Wednesday, February 19, 2014

My Elders

It's the productive coughs, the kind that bring up and rattle through my throat the infection in my chest that hurt the most.  Those are the ones that keep me from falling asleep.

I went to work today anyway, early this morning, getting caught up on the reporting I have to do for our funders, being sure to wipe down with rubbing alcohol everything I touched at my desk since the Ethiopian intern would be sitting there in the afternoon.  One of the elders in my program came in to use the lab, so I got him set up with news from his home country.  When I went back to check on him a few minutes later, he was watching Game of Thrones.  I have no idea how he got there.  The Ethiopian intern and I tried to help him get back to something in his language, but he insisted on staying, shooing us away with a loud "America! America!"  A friend told me later that GoT is extremely 'risque'.  I had no idea.

Tuesday morning, another one of the elders, a west African woman, told me about a new outfit she got over the weekend.  Her three-year-old grandson was watching her try it on and said, "Gramma! You so cue!" (cute).

"I told him, 'Grama gone get jiggy jiggy'."  And then she did a dance and busted out laughing.

 This is why I look forward to going into work, even with painful coughing fits.


Wednesday, February 12, 2014

Love drives out hate

Tonight my son told me that when the girls in his class complain about how much they 'hate' something (or usually, someone), he reminds them, "Hate can't drive out hate.  Only love can do that."

At times, it's as if he really is listening.   Martin Luther King Jr. Day this year was a big one for him. He had a lot of questions.  I'm so glad something is sinking in.

Tuesday, February 11, 2014

Greed

Thursday afternoon, our office closed two hours early due to the oncoming winter storm, and I, along with many others over the next few days, stocked up on grocery essentials on my way home.  I bought milk, bread, fruit, and snacks at the storm’s onset, and my family, again along with many others, trekked out two days later for more essentials, plus chips and beer.  When you’re stuck inside during a storm, snacking becomes a way to pass the time.  For us in the United States, we stock up on snacks during a weather crisis.  We are a lot luckier than most.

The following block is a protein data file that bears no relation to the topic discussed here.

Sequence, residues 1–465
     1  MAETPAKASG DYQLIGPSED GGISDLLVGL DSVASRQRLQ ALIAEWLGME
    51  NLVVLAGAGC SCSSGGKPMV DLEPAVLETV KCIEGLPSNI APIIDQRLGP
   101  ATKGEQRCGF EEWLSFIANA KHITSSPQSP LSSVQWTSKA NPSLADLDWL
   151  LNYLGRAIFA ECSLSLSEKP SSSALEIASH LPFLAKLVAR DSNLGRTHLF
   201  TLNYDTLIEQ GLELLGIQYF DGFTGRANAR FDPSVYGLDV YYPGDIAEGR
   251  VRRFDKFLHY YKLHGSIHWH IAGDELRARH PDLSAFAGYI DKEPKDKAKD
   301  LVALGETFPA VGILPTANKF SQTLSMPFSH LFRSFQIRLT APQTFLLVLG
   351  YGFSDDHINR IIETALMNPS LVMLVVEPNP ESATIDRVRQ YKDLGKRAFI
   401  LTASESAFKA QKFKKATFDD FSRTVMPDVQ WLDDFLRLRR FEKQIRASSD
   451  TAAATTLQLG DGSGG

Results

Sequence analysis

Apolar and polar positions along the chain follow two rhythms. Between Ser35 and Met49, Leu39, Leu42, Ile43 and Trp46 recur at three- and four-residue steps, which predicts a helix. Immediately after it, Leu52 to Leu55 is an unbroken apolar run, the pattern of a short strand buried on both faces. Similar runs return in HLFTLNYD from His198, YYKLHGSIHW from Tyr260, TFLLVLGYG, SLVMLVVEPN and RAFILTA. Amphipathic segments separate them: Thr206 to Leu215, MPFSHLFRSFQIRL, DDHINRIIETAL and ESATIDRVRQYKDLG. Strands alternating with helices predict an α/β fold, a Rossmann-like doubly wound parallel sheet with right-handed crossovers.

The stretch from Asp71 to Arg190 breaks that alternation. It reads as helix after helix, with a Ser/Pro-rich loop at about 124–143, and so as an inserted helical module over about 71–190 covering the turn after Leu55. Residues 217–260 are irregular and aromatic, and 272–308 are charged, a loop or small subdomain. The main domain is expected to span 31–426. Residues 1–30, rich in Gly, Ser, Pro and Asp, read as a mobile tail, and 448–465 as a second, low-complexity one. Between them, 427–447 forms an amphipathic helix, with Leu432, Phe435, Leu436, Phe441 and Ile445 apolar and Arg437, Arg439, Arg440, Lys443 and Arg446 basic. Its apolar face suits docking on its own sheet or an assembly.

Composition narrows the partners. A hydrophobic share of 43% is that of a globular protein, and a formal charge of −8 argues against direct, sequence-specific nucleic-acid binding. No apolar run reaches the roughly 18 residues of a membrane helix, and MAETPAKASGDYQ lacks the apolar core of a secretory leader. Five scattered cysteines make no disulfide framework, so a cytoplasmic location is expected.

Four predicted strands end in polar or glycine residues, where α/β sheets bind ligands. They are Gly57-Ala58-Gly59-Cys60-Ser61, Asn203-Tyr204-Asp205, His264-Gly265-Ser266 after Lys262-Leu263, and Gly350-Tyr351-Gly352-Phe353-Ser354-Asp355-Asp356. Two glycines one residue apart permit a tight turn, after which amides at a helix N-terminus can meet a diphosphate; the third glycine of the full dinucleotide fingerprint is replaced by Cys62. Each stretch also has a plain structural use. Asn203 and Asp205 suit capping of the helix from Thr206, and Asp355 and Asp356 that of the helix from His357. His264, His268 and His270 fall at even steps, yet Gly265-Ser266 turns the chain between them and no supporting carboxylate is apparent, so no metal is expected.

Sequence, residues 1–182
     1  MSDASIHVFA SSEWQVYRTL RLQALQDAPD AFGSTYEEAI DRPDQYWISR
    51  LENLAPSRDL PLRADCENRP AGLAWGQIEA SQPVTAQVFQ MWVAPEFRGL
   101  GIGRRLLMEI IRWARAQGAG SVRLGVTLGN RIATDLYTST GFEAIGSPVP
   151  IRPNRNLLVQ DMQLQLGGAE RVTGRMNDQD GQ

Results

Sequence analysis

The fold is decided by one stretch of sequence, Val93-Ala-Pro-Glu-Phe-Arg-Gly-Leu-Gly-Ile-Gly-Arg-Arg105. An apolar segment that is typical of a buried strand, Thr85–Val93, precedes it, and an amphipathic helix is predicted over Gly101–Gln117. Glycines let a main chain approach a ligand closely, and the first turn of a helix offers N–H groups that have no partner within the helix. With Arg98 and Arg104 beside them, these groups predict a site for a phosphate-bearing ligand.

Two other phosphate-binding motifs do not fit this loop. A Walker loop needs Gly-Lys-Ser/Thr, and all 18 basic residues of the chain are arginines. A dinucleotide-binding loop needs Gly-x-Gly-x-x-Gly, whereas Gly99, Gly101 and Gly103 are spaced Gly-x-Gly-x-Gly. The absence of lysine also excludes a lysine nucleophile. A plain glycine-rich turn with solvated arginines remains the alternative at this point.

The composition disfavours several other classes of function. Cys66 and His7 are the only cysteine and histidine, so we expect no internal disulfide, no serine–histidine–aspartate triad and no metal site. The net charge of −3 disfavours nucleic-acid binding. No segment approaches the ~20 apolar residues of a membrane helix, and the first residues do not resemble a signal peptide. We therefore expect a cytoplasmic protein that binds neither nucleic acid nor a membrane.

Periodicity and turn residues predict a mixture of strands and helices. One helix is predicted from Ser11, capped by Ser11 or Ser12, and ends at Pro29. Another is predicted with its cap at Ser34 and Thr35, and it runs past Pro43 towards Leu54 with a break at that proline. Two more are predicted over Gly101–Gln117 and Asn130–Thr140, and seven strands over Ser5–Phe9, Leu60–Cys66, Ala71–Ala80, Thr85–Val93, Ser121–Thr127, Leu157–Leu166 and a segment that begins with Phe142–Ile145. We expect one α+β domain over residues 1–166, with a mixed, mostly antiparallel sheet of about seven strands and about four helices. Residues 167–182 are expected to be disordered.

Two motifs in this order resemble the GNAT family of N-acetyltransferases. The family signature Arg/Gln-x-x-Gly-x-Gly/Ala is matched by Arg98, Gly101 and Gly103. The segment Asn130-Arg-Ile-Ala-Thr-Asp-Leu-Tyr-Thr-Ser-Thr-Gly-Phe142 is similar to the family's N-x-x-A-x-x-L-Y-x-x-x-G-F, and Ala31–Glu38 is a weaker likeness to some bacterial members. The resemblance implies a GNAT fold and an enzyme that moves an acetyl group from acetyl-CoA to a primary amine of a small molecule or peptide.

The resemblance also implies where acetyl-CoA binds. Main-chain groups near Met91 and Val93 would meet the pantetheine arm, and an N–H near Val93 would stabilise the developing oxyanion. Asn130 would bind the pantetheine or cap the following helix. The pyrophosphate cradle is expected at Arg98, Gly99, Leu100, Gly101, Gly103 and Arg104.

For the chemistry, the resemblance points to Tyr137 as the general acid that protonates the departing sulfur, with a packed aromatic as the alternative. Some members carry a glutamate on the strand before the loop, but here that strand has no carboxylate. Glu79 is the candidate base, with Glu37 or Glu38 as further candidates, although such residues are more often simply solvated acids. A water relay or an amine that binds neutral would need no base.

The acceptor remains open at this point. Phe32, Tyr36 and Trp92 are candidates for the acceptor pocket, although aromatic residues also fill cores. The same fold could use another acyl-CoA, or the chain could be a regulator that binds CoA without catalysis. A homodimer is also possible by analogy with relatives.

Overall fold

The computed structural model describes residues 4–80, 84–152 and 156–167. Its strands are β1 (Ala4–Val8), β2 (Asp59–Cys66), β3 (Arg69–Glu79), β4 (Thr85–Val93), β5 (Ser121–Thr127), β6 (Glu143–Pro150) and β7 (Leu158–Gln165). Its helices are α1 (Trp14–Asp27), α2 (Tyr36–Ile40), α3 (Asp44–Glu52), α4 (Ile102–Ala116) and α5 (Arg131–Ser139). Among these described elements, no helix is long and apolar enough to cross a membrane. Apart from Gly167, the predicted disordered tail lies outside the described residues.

Every Tuesday morning, I get to work with a group of elders at a nonprofit that exists to help immigrants and refugees integrate into our state and country.  This group of around 100 elders exercise, drink tea, eat lunch and help out with cleaning up afterwards.  They are a diverse group from countries such as Bhutan, Burma, Vietnam, Ukraine, Russia, Liberia, Ethiopia, Somalia, Congo and Eritrea.  Some are highly educated while some cannot read in their first languages.  Some had high positions in their jobs while others were day laborers.  Some enjoy ballet and museums while others create their own art in knitted scarves, watercolors, folk songs and vegetable gardens.  Some of the Russian ladies chide me when they think my skirt is too short.  The brightest-eyed man from Burma stops everything he’s doing to shake my hand and laugh when he sees me, as if we have a shared joke (we don’t).  A Somali man who’s had four wives and seventeen children scattered about always talks my ear off and offers to bring me coffee every week.  The Ethiopian woman who brings me injera “for babies” (my kids) is often all the way leaned back in her chair guffawing with her friends at the jokes she tells, usually based on her observations of crazy ‘ferenjis’ (Americans).

Upon first inspection, visitors to this group might be surprised to hear details about the difficult places the members of this group have passed through.  They would stand at the side watching the singing, the laughter, the stretching of aged limbs trying out yoga poses and not consider the following:

In Bhurma, the voice of one of the regular Tuesday attendees:
“We had gathered all our food at home but we were unable to eat.  The children were very young. We grabbed some chickens and left in the middle of the night….The kids said they were hungry, but we had nothing to eat.  There were tears rolling down my cheeks, and the kids were crying too.”

From Liberia, a refugee trying to keep his daughter from exploitation:
 "Life is very, very hard for the children. In the morning, before going to school, I used to buy my children at least a cake worth 100 francs for breakfast, or a banana to eat. Here, we are waking up in the morning and I don't know what we're supposed to eat." (Save the Children)
 

In Somalia, a parent during the holy month of Ramadan:
"How will I fast when I don't have something to break it?" asked Abdulle. "All my family are hungry and I have nothing to feed them. I feel the hunger that forced me from my home has doubled here." (NBC News)
 

A Russian commentator about the lingering effects of Soviet-style Communism:
“The reaction to this is absolutely Soviet — it is a classic, Soviet-style panic,” Ms. Yasina said. “Remember, it has been only 20 years since the Soviet collapse. I am 46 years old. For 20 years, I have lived under normal conditions. But the rest of the time, I lived under conditions of total shortages. And habits acquired during childhood are stronger than any others. It becomes almost a reflex.” (New York Times)
 

The voice of a Bhutanese refugee:
“We have to eat little to make it last.  In Bhutan we could eat whenever we liked but in camps we cannot eat like this due to the scarcity of things available to us.” (Photovoice)